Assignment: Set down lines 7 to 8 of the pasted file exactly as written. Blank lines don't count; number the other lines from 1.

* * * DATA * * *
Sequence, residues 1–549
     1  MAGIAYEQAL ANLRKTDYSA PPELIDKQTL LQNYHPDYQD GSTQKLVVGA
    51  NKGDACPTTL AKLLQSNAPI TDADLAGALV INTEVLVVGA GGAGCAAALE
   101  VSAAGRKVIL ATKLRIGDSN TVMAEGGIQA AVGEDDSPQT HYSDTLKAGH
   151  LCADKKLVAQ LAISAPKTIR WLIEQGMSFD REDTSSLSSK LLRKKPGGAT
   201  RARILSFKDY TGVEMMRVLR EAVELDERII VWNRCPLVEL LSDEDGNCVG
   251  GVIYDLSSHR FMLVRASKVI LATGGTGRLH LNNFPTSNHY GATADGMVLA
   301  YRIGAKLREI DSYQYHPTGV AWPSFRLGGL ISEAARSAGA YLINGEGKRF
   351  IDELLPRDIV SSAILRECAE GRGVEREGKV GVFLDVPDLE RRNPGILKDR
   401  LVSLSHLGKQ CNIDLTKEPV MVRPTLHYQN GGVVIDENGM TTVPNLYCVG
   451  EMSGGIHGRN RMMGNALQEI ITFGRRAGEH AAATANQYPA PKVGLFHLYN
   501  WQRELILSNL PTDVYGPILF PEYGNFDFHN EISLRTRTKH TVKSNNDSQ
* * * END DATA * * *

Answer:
   251  GVIYDLSSHR FMLVRASKVI LATGGTGRLH LNNFPTSNHY GATADGMVLA
   301  YRIGAKLREI DSYQYHPTGV AWPSFRLGGL ISEAARSAGA YLINGEGKRF